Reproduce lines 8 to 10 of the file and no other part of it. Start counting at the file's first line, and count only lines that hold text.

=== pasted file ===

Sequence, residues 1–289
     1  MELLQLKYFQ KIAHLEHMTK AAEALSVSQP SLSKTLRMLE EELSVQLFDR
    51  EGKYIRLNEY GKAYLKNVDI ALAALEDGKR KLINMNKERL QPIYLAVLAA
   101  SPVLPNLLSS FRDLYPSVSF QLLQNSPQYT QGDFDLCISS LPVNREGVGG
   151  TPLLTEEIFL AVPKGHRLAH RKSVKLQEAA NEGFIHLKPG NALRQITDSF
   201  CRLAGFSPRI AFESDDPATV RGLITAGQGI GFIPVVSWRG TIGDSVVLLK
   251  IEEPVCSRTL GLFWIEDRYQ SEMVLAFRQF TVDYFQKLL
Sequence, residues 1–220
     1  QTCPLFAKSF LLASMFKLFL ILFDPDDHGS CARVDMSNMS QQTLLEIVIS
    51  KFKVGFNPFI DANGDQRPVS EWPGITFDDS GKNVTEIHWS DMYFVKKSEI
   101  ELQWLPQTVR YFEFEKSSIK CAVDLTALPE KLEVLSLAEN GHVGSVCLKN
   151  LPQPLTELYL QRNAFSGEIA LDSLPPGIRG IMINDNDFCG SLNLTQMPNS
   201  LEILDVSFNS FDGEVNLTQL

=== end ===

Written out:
Sequence, residues 1–220
     1  QTCPLFAKSF LLASMFKLFL ILFDPDDHGS CARVDMSNMS QQTLLEIVIS
    51  KFKVGFNPFI DANGDQRPVS EWPGITFDDS GKNVTEIHWS DMYFVKKSEI